Humor: The Vitamin E of Public Speaking

Posted on July 30, 2015 in Creating Rapport, Public Speaking, The Key to Make a Successful Presentation, Tips & Tricks by Slideshop

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What qualities put a public speaker or presenter at an advantage when stepping up in front of an audience? Well, there are several you could name, but one of the most important is a good sense of humor. You might even call a sense of humor “The presenter’s vitamin E.” Why? Because when you’ve got it, it makes you Entertaining, Engaging, and Effective.

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Why do people always remember the funniest person in their high school class? How is that you forget where you put your car keys or your best friend’s phone number, but you can remember a good joke years and years after you hear it? It’s because laughter is powerful. It lightens you up, blows away stress and puts you in a special, happy state everyone loves – and longs to return to when it’s gone away.

So if you can inject some cleverly placed, appropriate humor into your presentation and get your audience laughing, you’re going to make them feel better. And you and your presentation’s message are going to stick in their memories – pleasantly.

Engagement

An amusing talk keeps listeners engaged. They have an innate attraction to humor. It creates a spontaneous mental, emotional and even physical response. When your listeners get your joke, they can empathize with the humorous event or situation. This stimulates a set of characteristic bodily movements including facial muscle contractions, vocalizations, gasping, even the shedding of happy tears. And of course, laughter!

In short, the humor factor heightens your audience’s engagement. That means you have their close attention, and close attention opens the door to better reception, comprehension, acceptance and retention of the messages you’re there to deliver.

Effectiveness

If your topic is particularly serious or challenging, finding a way to add a touch of humor now and then can make your audience more receptive. Humor has a unique way of easing the natural tendency to distance oneself from a difficult topic or body of information. It enables you to relay your messages more smoothly and effectively.

As an example, Arab-American author, comedian and actress Maysoon Zayid gave a remarkable TED talk about battle with cerebral palsy, equality issues in society, and achieving her dreams. The hard, even harsh reality of many of the struggles circumstances she described could have caused listeners to “tune out” to some degree – but by enlivening her talk with occasional humor, her message was well received, ending on an uplifting note and receiving a standing ovation. In short, she managed be quite effective in putting her message across.

How to Use Humor in Public Speaking

So how do you go about working humor into a presentation? Here are some guidelines to consider:

  • Know your audience. Do your homework – learn whatever you can about their demographics, career paths, business and personal objectives, interests and so on. Such knowledge will give you insights into what they’re likely to find humorous – or not. Use what you’ve learned to weave in humorous notes they’ll be able to understand and relate to (since a joke that has to be explained falls very flat). If you have any doubts about a humorous bit, consult the event organizer to make sure it’s likely to have the desired effect.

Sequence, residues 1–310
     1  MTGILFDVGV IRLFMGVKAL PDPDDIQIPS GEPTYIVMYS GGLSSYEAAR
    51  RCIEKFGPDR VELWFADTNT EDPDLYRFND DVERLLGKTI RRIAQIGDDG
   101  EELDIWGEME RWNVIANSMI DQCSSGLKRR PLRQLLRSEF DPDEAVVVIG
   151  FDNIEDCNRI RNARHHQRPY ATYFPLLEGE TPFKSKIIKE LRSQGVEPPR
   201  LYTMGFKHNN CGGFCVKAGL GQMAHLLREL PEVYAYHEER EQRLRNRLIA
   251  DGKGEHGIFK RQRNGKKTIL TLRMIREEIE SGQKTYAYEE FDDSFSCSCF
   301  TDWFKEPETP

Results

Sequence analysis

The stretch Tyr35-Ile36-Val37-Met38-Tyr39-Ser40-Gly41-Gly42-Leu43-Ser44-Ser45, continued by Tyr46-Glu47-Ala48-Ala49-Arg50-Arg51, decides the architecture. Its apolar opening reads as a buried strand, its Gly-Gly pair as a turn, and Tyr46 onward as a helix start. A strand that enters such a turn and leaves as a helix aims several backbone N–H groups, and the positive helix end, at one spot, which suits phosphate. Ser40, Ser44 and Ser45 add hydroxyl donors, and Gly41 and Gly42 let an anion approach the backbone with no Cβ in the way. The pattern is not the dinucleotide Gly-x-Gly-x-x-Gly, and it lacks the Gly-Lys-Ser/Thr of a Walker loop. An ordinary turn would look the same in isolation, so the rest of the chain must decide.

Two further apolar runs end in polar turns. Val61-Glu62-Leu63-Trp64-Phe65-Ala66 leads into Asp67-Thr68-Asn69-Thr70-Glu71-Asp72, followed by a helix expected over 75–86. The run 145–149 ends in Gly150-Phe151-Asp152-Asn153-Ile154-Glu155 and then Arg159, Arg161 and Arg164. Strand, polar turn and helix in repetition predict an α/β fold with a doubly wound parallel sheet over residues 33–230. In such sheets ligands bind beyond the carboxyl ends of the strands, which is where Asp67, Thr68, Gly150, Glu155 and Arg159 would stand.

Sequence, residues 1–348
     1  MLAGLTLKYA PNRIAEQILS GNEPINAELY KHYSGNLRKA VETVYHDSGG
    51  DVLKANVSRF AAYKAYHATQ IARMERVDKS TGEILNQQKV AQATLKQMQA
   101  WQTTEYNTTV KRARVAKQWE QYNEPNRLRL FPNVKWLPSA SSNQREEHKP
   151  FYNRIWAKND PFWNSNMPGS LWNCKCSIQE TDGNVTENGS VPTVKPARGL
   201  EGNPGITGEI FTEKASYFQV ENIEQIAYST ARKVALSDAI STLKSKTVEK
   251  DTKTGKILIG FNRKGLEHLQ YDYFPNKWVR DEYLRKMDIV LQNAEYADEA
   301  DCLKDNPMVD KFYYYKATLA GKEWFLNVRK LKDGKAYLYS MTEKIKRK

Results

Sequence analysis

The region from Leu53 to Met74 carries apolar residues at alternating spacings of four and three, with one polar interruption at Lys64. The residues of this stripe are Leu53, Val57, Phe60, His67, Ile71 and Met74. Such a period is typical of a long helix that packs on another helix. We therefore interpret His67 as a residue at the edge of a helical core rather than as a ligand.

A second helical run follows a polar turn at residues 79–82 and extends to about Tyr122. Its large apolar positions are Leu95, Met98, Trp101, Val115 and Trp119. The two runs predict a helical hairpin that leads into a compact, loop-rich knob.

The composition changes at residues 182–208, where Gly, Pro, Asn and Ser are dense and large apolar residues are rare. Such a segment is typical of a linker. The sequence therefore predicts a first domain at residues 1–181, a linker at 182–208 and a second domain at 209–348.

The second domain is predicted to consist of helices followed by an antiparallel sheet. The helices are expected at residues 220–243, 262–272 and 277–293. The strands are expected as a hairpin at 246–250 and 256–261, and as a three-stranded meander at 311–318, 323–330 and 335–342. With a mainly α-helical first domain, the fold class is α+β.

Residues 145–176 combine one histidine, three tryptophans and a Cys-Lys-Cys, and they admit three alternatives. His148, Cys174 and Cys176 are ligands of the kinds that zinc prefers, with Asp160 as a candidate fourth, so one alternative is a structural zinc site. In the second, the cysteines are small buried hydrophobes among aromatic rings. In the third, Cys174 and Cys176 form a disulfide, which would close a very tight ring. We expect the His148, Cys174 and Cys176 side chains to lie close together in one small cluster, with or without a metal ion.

• By all means, keep your humor appropriate and relevant. A joke or humorous reference should make a point and reinforce your message. It should keep things light, but not throw your listeners off message and off track. A successful talk has an element of entertainment, but should educate and motivate, too.
  • Self-deprecating humor can be effective. Poking fun at your own weaknesses, shortcomings or differences can help make the audience more accepting. Potential targets include your birthplace, accent, physical characteristics, education, and any obvious differences between you and the majority of the people you’re addressing. Just take care not to go too far with this – be funny, but don’t downgrade your brand, credibility, or reputation in the process. If mild, obviously-joking self-deprecation turns into self-degradation, it’s a complete audience turn-off.
  • Keep it clean! Off-color jokes are almost sure to offend someone in an audience of professionals, for example – and make you look far from professional. If you’re very, very certain that everyone present will find a rough joke acceptable and funny, okay – but proceed at your own risk!
  • If you have a hard time delivering jokes or punchlines well, you may want to skip using them. That doesn’t rule out humor altogether, though. Find something you’re comfortable with. Maybe it’s humorous props or photos. It might be situational humor. Whatever you settle on, practice it. Eventually you’ll become more relaxed, comfortable and effective at using humor. That has benefits outside the presentation room, too!

humor public speaking

Fortunately, there are plenty of sources for humorous material suitable to any presentation. The Internet, books, magazines, and current or classic movies are good places to start. It’s also a good idea to pay more attention to things people around you say, at work and out in public. You may be surprised at the hilarious material you’ll run across in the restaurant, the bar, the supermarket – almost anywhere. When you hear something particularly good, take a moment to make a note about it so you’ll have it on hand when it’s time to build your next presentation.

One Comment

  1. Abdrabbo Al Najjar says:

    Sense of humour is crucial for every single person working at the sales field from the top

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